Architecture of Backing Store Descriptors
Wed, 23 Nov 94 13:30:22 -0500
... even if there are multiple personalities, there are
still typically some set of globally trusted services that the
entire system depends on for correctness, but don't necessarily run
with the supervisor mode bit on.
In KeyKOS, an example would be something like a space bank, which
multiple personalities depend on.
One example would be a user-level disk device driver that is used
to page kernel data: it's perfectly OK to put it outside of the
kernel, as long as you recognize that it's still globally trusted.
I understand what you are saying, and there is merit to it.
For the kernel to entrust privileged state to a user-mode device
driver that is part of the TCB is fine. I wasn't arguing against
that. In the example you give, the kernel can still make progress on
other tasks while the pageout is in progress.
The question is whether it is "safe" for the kernel to *block* on such
a process. In my opinion this is unsound. The opportunities for
deadlock that arise when this is done are a big problem, and it is
almost impossible to show that such deadlocks cannot occur. If the
external driver is really simple enough that the deadlock can be
confidently avoided, I submit that there was no benefit to pushing it
out of the kernel, and disabling the supervisor bit is a distracting
This is not an argument against user-mode device drivers. It is only
an argument against blocking the kernel on one. Device driver
interfaces tend to want to be asynchronous in any case, so the issue
doesn't much arise if one is careful.
I'm not making the case well. Perhaps Norm will be able to state it
How does KeyKOS do this? Is there a reason why traditional techniques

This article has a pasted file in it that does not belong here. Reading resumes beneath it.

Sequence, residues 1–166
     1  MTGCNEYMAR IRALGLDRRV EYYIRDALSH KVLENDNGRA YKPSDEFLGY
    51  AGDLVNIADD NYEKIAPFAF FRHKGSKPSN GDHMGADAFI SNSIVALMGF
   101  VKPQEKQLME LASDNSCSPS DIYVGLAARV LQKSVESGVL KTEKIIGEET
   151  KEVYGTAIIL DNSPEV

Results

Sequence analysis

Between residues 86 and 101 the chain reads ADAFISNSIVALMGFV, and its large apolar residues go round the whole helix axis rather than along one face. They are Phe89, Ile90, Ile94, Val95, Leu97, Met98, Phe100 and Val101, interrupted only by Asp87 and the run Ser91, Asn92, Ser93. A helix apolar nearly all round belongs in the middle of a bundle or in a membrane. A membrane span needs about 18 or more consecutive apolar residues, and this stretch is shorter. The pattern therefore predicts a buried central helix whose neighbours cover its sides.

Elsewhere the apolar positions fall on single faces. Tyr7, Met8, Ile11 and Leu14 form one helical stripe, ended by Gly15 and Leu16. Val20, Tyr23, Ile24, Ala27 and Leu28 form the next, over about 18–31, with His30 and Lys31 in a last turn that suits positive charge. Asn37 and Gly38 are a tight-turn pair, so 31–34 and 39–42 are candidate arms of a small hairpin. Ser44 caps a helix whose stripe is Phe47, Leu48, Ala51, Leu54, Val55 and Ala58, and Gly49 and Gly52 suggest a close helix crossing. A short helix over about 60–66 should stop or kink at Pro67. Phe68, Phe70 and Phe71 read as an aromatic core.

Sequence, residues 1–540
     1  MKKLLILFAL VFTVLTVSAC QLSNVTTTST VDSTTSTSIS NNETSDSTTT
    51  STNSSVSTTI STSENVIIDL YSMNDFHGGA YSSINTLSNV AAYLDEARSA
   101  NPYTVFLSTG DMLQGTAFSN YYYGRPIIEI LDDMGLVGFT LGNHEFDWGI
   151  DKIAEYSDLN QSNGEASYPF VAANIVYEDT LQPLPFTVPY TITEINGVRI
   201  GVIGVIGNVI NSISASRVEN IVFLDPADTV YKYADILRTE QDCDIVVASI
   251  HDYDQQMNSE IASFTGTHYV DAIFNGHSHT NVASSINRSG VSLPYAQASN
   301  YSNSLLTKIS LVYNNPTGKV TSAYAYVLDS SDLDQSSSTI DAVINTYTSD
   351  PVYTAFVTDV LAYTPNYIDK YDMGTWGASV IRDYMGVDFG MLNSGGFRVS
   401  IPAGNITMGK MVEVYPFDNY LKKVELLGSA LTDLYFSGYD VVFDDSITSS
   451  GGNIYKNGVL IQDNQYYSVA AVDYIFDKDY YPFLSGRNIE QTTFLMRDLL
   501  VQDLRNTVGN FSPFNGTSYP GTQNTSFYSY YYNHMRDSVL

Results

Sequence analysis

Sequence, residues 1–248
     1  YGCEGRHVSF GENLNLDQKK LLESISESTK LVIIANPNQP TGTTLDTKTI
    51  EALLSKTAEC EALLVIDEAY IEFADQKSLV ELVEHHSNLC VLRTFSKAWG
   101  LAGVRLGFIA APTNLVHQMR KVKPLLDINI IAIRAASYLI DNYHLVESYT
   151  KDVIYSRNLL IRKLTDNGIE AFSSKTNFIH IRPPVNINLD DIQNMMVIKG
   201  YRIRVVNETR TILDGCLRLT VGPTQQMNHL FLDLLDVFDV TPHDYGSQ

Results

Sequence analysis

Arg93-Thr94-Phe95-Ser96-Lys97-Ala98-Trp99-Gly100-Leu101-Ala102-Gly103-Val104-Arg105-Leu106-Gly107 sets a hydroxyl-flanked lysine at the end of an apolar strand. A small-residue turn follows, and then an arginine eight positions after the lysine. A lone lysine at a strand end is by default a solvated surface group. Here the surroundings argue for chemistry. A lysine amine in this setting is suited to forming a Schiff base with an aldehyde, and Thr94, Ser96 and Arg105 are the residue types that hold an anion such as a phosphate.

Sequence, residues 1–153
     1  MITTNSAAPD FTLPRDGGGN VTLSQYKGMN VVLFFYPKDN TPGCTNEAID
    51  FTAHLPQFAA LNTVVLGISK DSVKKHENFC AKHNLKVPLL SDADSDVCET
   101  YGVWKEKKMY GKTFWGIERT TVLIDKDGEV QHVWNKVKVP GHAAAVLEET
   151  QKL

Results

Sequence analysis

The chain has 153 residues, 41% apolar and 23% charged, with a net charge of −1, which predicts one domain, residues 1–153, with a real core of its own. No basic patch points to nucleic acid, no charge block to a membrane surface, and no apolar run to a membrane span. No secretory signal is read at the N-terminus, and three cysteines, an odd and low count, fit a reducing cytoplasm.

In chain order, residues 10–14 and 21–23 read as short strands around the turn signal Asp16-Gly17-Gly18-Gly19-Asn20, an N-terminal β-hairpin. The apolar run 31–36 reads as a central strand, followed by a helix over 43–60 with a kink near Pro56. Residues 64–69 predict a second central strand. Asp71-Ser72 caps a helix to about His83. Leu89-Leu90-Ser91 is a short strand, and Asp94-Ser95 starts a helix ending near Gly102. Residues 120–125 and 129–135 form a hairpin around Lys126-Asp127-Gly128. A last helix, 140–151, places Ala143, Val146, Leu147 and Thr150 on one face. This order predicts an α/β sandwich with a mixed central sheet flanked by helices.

like reference counting won't work?
Yes. How do you know which random bits in a random data page are
actually bits that constitute an outstanding capability? The process
may allege to have released the capability, but there's no way to be
sure that it really has.
KeyKOS doesn't reference count. Instead, it keeps a serial number
(called an allocation count) in each object. When the object is
reassigned, the allocation count is incremented. Keys also contain
the allocation count, and if the counts don't match the key is
invalid. This avoids the need to GC the disk. Some further tricks
are used to avoid bumping the count if none of the keys to the current
object generation have gone to disk.
If I could freeze a Mach system... there is a little additional
complexity in figuring out which kernel data is persistent and
which isn't, and how to handle interactions between persistent and
non-persitent data; but for the most part I think this is a
separate and orthogonal problem.
It is seperate and orthogonal, but I think you underestimate the
challenge, as well as the implications for kernel heap management
(holes on the heap currently go away when the kernel reboots, at
least!). When you delete a port, how do you ensure that port
authorities that have not been paged in yet are properly invalidated?
Once the system is persistent in the fashion you suggest, there are
likely to be far more processes by several orders of magnitude than
you are perhaps used to thinking about.
BTW, once again, I understand this is exactly how L3 works - all